One of the ways universities justify having big-time sports programs is by claiming they serve as the school’s front porch. Think of the way Penn State and Notre Dame morphed into major research institutions on the backs of football success. Or the way Gonzaga and Butler rose from obscurity thanks to their basketball teams. For all the problems with college sports, the success of a nationally recognized football or basketball team can increase the quality of applicants, the size of donations, and the happiness of students and alumni.
For a long time, though, the Louisville Cardinals basketball team played a different role: It was a kind of Potemkin Village, not so much elevating the university as hiding it. Louisville was a commuter school with a reputation so lackluster that a professor once told the Courier-Journal, “When I have a really first-class undergraduate, I tell them to transfer.” A 1904 bronze cast of Rodin’s The Thinker stood outside the administration building, and the law school was named for its most famous alumnus, Louis Brandeis. But as far as prestige went, that was about it. It’s said that when Junior Bridgeman, one of the school’s greatest players, was being recruited, he was brought in during the dead of night because the Louisville coaches didn’t want his first impression to be one of the campus.
As for the city of Louisville, it was just as basketball mad as the rest of basketball-mad Kentucky. Going back to the days of coach Denny Crum, who led the program from 1971 to 2001, “nobody in Louisville planned a dinner party or a charitable event without checking the basketball calendar,” says Representative John Yarmuth, a Democrat whose district includes Louisville. “Otherwise there wouldn’t be a lot of people there.” Season tickets were treasured, handed down through the generations. Played in 18,000-seat Freedom Hall, a 1956 structure built by the state, the Cardinals’ games were often in the top five for attendance among college basketball teams.
Surrounded by the larger cities of Cincinnati, St. Louis, and Nashville, Louisville often felt like a stepchild, fighting for respect. Basketball helped. But even there, the Cardinals for years played second fiddle to the mighty University of Kentucky, which treated its cross-state rival with such disdain that it wouldn’t even schedule a game, not even after Crum in 1980 won his first of two national championships. That only changed in 1983, after Kentucky was forced to play Louisville in an NCAA tournament game—which the Cardinals won, much to the city’s delight. The legislature had to pass a resolution urging the two schools to start playing before the matchup became a regular event.
By the time Jurich was named Louisville athletic director in 1997, Crum was about to hit the worst patch of his Hall of Fame career, bottoming out with a 12-19 record in 2001. Jurich, a former athletic director at Colorado State, told a few members of the hiring committee they were “sitting on a gold mine.” First, though, he needed a winning basketball team. So he jettisoned Crum before the 2001 season ended, arranging for a $7 million severance payment and for the university to pay him more than $300,000 a year to act as a part-time glad-hander.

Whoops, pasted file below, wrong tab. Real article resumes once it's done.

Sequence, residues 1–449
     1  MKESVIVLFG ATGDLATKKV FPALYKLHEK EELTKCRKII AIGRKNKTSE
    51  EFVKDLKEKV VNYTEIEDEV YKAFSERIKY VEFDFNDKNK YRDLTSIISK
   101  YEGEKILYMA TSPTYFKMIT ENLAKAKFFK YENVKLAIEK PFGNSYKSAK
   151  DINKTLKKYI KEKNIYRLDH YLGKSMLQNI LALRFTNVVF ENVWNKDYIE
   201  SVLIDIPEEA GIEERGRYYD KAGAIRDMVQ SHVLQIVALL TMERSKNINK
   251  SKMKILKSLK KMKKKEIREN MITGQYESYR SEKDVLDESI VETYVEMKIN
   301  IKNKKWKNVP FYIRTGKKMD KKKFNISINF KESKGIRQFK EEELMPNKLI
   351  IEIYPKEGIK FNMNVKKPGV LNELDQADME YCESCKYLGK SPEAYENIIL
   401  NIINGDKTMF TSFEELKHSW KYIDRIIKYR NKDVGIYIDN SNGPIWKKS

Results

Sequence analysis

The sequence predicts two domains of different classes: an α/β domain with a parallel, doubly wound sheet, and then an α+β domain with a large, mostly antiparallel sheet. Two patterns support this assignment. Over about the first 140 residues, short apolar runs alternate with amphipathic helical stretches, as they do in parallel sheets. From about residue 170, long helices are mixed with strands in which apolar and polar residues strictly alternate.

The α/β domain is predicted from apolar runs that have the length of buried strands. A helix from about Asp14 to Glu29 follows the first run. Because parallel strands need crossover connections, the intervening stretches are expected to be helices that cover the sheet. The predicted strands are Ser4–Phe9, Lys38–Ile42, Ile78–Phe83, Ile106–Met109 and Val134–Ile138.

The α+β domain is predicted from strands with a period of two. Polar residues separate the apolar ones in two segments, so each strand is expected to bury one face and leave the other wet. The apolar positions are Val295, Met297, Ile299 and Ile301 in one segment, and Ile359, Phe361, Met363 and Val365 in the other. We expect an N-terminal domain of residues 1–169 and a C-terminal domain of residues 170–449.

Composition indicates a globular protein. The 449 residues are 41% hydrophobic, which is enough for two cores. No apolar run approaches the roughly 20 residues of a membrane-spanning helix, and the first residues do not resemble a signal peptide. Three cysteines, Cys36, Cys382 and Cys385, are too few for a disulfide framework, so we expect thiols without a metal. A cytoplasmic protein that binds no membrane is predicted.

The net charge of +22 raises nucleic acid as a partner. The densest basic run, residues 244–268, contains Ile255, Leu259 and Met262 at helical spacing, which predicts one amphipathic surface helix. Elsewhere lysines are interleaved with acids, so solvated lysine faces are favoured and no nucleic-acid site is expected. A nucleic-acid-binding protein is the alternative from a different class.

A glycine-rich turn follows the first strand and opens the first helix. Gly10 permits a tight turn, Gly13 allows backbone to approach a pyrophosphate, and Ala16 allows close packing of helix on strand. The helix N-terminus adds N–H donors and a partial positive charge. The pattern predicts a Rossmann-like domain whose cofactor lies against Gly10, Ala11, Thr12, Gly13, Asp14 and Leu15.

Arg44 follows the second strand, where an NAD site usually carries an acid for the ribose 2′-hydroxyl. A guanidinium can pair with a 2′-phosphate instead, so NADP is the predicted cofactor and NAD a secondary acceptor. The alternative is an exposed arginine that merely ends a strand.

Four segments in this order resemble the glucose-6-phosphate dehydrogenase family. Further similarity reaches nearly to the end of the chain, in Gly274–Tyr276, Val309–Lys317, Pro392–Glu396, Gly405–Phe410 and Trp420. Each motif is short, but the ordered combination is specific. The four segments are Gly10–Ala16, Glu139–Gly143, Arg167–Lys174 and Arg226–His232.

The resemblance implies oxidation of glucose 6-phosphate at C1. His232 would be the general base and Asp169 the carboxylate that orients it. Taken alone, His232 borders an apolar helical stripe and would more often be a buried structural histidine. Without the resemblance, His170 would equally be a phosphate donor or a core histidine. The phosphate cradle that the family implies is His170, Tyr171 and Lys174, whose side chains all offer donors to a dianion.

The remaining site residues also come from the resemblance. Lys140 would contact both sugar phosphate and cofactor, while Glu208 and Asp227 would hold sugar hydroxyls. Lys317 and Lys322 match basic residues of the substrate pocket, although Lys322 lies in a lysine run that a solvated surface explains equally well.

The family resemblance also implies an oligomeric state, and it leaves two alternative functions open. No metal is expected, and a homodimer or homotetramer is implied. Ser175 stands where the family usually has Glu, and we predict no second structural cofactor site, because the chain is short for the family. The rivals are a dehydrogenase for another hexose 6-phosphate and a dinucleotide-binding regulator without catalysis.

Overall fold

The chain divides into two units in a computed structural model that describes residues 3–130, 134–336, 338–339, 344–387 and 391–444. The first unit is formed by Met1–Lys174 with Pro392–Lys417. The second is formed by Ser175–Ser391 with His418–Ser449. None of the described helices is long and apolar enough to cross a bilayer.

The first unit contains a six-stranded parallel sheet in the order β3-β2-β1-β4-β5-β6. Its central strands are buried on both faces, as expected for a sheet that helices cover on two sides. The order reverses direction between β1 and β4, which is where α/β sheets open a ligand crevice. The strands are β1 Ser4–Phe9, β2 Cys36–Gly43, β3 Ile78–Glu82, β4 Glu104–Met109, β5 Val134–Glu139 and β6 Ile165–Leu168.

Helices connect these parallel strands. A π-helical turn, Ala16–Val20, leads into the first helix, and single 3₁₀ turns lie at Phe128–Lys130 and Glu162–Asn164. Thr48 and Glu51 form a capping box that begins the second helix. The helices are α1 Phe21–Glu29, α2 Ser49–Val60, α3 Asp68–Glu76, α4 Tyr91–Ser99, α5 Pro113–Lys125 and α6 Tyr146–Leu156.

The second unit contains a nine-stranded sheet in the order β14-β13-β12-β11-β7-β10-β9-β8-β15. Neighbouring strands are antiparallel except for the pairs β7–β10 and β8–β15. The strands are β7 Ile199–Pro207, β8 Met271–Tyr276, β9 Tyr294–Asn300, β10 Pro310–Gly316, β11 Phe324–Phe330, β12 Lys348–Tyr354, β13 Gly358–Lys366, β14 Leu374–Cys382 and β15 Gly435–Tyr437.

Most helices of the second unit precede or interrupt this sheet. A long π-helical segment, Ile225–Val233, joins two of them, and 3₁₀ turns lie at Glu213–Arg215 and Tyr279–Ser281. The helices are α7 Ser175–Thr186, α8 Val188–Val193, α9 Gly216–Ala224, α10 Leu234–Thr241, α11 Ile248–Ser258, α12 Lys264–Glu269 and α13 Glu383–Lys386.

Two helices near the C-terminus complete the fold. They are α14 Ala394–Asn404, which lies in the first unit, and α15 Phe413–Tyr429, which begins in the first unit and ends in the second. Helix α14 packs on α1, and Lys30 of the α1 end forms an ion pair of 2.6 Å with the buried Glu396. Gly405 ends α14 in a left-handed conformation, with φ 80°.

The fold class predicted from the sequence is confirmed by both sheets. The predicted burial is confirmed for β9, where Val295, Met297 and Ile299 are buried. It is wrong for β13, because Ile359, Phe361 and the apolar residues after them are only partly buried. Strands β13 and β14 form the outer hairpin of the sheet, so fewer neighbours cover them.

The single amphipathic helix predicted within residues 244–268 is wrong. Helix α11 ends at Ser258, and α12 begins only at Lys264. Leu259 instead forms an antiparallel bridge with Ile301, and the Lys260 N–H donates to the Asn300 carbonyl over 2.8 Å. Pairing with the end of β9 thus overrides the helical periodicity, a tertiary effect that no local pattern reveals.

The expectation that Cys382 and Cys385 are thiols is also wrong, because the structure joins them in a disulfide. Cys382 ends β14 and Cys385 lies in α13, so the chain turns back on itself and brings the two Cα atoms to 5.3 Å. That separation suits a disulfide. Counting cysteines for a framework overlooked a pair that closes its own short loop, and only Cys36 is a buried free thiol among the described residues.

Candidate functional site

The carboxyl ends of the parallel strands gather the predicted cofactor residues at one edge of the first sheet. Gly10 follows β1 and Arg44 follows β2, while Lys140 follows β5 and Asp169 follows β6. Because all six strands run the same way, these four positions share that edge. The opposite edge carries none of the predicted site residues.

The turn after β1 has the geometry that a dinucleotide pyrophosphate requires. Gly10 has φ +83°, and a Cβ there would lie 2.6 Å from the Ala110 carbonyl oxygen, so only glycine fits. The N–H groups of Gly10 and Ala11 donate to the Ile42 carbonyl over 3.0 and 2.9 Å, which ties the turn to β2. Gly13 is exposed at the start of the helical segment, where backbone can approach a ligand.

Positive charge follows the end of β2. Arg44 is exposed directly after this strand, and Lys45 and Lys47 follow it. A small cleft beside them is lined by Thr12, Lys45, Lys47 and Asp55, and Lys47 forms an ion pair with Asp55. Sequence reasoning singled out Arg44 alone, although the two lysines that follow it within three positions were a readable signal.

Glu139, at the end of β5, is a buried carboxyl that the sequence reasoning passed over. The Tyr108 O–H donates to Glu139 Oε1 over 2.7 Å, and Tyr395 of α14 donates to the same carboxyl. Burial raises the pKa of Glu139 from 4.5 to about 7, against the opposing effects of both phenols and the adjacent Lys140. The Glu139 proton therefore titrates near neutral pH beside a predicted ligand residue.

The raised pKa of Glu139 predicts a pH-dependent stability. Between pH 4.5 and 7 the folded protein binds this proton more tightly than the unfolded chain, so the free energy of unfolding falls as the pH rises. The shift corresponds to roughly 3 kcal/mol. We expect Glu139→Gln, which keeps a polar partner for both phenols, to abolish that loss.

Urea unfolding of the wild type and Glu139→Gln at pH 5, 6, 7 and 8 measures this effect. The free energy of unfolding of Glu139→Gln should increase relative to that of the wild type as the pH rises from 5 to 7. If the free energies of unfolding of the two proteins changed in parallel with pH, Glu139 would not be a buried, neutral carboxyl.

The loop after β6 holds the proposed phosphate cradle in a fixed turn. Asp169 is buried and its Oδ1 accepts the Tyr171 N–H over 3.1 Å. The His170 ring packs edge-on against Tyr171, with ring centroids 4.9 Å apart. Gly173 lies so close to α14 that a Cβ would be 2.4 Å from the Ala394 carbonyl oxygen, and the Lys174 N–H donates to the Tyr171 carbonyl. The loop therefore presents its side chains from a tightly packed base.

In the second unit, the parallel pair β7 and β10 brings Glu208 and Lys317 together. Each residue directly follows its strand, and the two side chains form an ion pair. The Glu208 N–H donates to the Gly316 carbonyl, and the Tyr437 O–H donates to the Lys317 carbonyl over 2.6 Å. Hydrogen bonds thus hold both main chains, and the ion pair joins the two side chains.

Then Jurich brought in the charismatic Pitino, who in the 1990s had revived a troubled University of Kentucky program. Back then Pitino was a hated man in Louisville, but once he started winning at Louisville, the city embraced him. Jurich was in business.
Around the time Pitino arrived, a group of Louisville businessmen and politicians were making a concerted effort to land an NBA team. In part, this was a play for economic development. Louisville could see how pro football and hockey helped revitalize Nashville. But it also came just as much from a desire for respect. The city burghers even had a nonbinding agreement with the Charlotte Hornets, which wanted to relocate. The plan centered around building a downtown arena that the Hornets and the Cardinals would share.
Jurich and Pitino had other ideas. They had no intention of sharing an arena with an NBA team—they didn’t even want to share the city with an NBA team. Louisville was theirs. David Stern, who was then commissioner of the NBA, recalls thinking, “If Rick Pitino doesn’t want us there, why are we going there?” The Hornets went to New Orleans instead.
Louisville city leaders decided to proceed with an arena anyway, hoping to use it as a centerpiece for downtown development. To help pay for it, the city gave the area around the arena a designation that allowed it to use property tax increases to pay bondholders. Louisville-based Yum! Brands Inc., which owns KFC, Pizza Hut, and other fast-food companies, paid $13.5 million over 10 years for the naming rights. But the arena also needed a tenant, and there was only one possibility: the Cardinals.
The Charlotte Hornets however moved to New Orleans in 2002 to become the New Orleans Hornets. In 2013, they became the New Orleans Pelicans.
Although we all know how things change and there is no guarantee that the current situation would been the same with all the anomalies that happen in life, had the NBA franchise found a home in Louisville, but imagine what it would be like now in this basketball crazy state with the Pelicans current roster of Anthony Davis, DeMarcus Cousins, Rajon Rondo, and Darius Miller, playing professional basketball in Louisville right now. One could only dream that such a thing would have or could have been possible. Sadly enough, we’ll never know, but just the thought is mind blowing!
*** excerpts of article “College Basketball Made Louisville, Then Broke It” courtesy of Bloomberg.com